What Is Native Content and How To Use It in Your Content Strategy

Andrew Copeland
Reading Time: 5 minutes

What does your content distribution strategy look like? Are you doing more than sharing links on all your channels?

The way most of us promote our content – by sharing links on social media and through email – is getting outdated. Attention spans are getting shorter and social media sites are working harder than ever to keep users on their platforms.

So what’s a content marketer to do these days? In this post, I am going to tell you about native content and how you can use it to get your message across to more people. 

4 Ways To Boost Blog Views Through Content Marketing CTA

What is native content?

Before we dive in, I need to explain what I mean by “native content.” 

I am not talking about native advertising, sponsored content, sponsored posts, or any other type of paid media. This is not the ads-disguised-as-articles trick that we’ve all fallen for.

What I want to talk about in this post is a better way to distribute the content you are already creating. 

Native content is content that lives within the platform it is being distributed on. It is formatted and optimized to be viewed in a specific context and does not require readers to click a link.

In other words, it’s about posting content directly to social media instead of sending followers to your blog or website. That may seem counterintuitive, but it’s not. Trust me.

Why is native content important?

The old methods of content distribution are becoming less effective with each algorithm update. Social media platforms don’t like it when you link out and they are starting to limit posts that contain external hyperlinks. 

According to a study conducted by Hootsuite, LinkedIn posts without external links got 6x more reach than posts with external links. And we already know that Facebook prefers native videos to YouTube links.

It isn’t limited to social media, either. Content marketers and SEOs have long suspected that Google wants to keep a larger share of its traffic. Last year, SparkToro did some research and claimed that in 2020, two thirds of Google searches ended without a click. And while those claims did spark some controversy, we can’t deny that it’s easier than ever for searchers to get what they need without clicking any links. Just look at the example below:

Google SERP results for what is content marketing

When it comes to content marketing, traditional KPIs such as clicks and sessions are no longer reliable metrics of success. We need to find new ways to get our message across without taking people off platform and look for signs of engagement such as impressions, likes, comments, shares, follows, etc.

How To Use Native Content in Your Marketing Strategy

Native content is content that is native to a specific platform. That can mean a Twitter thread, a Linkedin post, an Instagram Reel, etc. The idea is to make the content easily consumable for somebody who is scrolling down the page without having to leave the platform they are currently on.

To better illustrate what I mean, here are some examples of how to incorporate native content into your strategy:

How to use native content for social media

Social media platforms are a lot like bars and restaurants; they all have different vibes and attract different crowds. This means that you’ll have to test different concepts to see what works best for you and your audience. Here are some ideas to get you started:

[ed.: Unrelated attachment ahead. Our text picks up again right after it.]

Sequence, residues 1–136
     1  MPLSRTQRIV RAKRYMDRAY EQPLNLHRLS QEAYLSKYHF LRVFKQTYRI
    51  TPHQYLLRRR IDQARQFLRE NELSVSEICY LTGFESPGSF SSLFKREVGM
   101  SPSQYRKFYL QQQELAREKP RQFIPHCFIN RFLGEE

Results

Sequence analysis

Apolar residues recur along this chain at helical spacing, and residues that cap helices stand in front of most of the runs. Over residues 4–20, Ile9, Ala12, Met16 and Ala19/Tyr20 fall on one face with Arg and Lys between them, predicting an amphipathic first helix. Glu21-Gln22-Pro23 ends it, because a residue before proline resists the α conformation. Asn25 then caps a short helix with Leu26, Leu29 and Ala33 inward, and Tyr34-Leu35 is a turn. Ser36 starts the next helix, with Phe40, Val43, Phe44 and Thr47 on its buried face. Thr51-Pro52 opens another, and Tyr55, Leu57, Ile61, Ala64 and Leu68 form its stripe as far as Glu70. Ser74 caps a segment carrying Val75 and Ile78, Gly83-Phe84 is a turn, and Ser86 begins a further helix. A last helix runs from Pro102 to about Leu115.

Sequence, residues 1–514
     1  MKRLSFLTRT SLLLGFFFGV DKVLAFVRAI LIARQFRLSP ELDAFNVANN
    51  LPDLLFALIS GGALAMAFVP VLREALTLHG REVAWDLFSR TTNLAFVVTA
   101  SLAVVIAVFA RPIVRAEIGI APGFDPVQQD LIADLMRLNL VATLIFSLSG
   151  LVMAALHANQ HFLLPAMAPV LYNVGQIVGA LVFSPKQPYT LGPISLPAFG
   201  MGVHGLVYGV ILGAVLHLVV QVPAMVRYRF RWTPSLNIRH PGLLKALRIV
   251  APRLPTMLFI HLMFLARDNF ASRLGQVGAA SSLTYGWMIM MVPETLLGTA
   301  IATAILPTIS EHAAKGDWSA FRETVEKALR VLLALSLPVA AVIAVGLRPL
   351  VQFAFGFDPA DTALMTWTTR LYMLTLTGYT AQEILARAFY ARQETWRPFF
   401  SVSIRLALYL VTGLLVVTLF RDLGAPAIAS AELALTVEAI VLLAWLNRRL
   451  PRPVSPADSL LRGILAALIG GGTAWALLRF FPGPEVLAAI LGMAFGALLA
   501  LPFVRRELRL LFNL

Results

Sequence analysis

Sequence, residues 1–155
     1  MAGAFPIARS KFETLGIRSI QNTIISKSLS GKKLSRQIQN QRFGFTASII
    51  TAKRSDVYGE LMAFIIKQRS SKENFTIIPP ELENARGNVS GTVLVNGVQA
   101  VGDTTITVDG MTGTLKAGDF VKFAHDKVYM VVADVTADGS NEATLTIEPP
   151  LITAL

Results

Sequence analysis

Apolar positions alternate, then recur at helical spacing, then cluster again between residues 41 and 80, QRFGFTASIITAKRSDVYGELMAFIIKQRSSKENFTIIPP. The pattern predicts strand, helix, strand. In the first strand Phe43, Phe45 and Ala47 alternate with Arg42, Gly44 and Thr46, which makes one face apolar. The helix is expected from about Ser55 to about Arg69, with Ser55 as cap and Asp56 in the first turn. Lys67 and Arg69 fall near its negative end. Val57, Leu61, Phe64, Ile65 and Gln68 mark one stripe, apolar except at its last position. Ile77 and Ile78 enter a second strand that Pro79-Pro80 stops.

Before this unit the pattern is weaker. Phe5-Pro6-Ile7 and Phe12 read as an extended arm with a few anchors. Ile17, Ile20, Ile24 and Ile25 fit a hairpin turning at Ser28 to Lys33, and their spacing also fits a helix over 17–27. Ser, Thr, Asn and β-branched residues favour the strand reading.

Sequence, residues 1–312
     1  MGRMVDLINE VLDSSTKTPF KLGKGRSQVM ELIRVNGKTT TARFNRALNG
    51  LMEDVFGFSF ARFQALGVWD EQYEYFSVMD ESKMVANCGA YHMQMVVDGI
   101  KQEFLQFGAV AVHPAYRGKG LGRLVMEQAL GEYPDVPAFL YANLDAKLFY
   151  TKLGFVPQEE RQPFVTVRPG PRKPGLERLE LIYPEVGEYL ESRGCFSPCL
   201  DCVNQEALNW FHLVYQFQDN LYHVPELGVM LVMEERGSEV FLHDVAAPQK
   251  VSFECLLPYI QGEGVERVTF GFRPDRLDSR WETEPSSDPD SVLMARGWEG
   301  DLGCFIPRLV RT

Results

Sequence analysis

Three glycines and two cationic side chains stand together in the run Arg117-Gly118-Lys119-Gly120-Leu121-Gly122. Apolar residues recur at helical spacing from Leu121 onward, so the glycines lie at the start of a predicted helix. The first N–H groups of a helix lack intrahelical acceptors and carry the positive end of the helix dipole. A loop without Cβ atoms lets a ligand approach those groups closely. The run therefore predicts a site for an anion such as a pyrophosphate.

• Extract the key takeaway from a recent piece of content and use it to start a Twitter thread.
  • Take a blog post and truncate it to 100 words or so. Use it for a LinkedIn post.
  • Turn your blog post or ebook into an Instagram carousel, or make a video recap and turn it into a Reel.

And here are some real-life examples of native content implemented successfully on social media:

screen shot of databox tweet; example of native content on social media

This is the beginning of a long Twitter thread started by Databox to promote a new case study. Notice how it does more than drop the link. It actually delivers a lot of the content right then and there so users don’t have to click through unless they want to.

This is an Instagram post from HubSpot promoting a new report. Notice how they converted the information into a carousel – a popular format on this particular platform.

How to use native content for organic search

Your audience is busy. They might not have time to read an entire web page or blog post to find the answer they are looking for. 

Google knows this and they’ve optimized their SERPs to display helpful content upfront – no clicking necessary. 

One of the most popular SERP elements Google introduced recently is the featured snippet. Essentially, it gives people the answer they want right at the top of the page, ahead of the #1 search result. See this example:

example of a featured snippet on Google SERP

You can use this to your advantage by optimizing your own content to show up as a featured snippet. Ironically, winning a featured snippet can give your CTRs a huge boost.

It’s Time to Evolve Your Content Strategy

As marketers, it’s our job to keep up with the changing society and culture that we live in. Sticking to a single formula for too long will only get you in trouble so it’s important to experiment with new ideas. 

Over the next year, platform-native content is going to be one of the biggest game changers in the content marketing world. If you’re looking to update your strategy but need some guidance or assistance, contact WEBITMD to learn how we can help.
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